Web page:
4) evil is passed down heritably, like genes
5) the stain of evil is removed in two parts
a) God had a part of himself executed
b) I must believe in the execution event as a means of stain removal

It doesn't really make moral sense to me that:
a) I'm at fault because of anything my ancestors did (nevermind that it was their desire for wisdom)
b) A moral failure can be excused by having a third party nailed to a piece of wood

And here I speak as one who used to believe it. It's not my fault, as an atheist, that Original Sin and Redemption don't make sense. It's the fault of the theology.

Ruth said...

"If God meant us to understand him, why did he write in such an obtuse way"

He didn't. But you are right; the Bible does say what it says, and it's very easy to understand... though not in one's own strength.
As Romans 1 says, people prefer to suppress the truth.

"1) desire for wisdom is bad"

This is a demonstrably false statement, and only goes to further prove that you don't know what you are talking about. If you had read the Bible from cover to cover as you say, then you must have come across the book of Proverbs at some point.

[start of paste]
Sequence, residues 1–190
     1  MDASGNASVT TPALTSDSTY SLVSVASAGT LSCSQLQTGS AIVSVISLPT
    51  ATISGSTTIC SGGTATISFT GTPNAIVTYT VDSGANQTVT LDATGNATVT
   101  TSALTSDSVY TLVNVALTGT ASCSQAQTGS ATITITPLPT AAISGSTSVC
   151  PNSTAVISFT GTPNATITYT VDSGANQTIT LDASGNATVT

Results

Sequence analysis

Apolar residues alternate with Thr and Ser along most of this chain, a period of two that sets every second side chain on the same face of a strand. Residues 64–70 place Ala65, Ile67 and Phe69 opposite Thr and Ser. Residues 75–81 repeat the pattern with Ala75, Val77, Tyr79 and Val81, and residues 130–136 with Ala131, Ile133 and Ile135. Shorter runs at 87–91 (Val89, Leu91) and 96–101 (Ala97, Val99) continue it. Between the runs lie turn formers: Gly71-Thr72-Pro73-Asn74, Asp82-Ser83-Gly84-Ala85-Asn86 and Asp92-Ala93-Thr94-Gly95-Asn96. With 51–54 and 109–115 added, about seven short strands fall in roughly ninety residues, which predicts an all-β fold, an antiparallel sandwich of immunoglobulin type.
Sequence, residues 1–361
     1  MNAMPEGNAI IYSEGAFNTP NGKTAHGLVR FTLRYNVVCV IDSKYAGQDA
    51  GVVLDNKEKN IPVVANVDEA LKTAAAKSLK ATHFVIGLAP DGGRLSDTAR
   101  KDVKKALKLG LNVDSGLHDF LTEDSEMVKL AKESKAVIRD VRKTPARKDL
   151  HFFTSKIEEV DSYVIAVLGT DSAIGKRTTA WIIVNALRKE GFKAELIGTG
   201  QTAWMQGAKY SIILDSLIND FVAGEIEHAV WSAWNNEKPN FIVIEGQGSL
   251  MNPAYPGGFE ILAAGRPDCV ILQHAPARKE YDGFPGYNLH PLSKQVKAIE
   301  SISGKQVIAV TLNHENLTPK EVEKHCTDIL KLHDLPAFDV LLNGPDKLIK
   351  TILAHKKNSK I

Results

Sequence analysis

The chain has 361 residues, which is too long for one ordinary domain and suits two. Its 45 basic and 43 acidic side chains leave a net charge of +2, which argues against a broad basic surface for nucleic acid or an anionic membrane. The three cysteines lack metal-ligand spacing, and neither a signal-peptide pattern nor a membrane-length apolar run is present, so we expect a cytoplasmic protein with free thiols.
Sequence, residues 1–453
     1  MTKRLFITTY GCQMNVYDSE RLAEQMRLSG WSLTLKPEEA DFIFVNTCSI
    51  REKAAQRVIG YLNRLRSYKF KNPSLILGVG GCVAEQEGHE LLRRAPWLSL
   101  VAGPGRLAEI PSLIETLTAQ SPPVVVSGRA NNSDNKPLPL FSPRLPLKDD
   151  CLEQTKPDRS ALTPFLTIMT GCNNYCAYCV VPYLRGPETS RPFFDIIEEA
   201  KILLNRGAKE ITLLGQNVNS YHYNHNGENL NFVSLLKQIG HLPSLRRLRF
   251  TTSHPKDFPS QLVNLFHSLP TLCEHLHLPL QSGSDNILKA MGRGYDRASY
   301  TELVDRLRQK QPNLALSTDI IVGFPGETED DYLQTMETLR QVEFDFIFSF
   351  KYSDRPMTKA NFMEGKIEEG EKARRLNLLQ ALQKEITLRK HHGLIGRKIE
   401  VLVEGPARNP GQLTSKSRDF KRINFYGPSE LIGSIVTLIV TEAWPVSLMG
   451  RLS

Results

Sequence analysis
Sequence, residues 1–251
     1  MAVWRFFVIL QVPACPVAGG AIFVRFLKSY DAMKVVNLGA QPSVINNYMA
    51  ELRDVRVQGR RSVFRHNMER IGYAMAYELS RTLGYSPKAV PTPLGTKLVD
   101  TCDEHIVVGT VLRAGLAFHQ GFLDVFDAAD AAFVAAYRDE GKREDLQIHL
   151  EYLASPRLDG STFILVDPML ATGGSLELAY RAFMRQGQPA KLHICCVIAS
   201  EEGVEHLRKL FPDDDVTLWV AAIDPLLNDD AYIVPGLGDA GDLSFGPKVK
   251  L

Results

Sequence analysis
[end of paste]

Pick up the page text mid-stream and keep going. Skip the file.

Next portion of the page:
Proverbs 3:13 Blessed is the man who finds wisdom, the man who gains understanding,
Proverbs 4:5 Get wisdom, get understanding;
Proverbs 4:6 Do not forsake wisdom, and she will protect you; love her, and she will watch over you. Proverbs 4:7 Wisdom is supreme; therefore get wisdom. Though it cost all you have, get understanding.
Proverbs 8:11 for wisdom is more precious than rubies, and nothing you desire can compare with her.
Proverbs 9:12 If you are wise, your wisdom will reward you; if you are a mocker, you alone will suffer.
Proverbs 19:8 He who gets wisdom loves his own soul; he who cherishes understanding prospers.

"2) obedience and submission to God is good"

Yes.

"3) we are all evil because Adam and Eve ate the fruit after having been told not to eat it"
"4) evil is passed down heritably, like genes"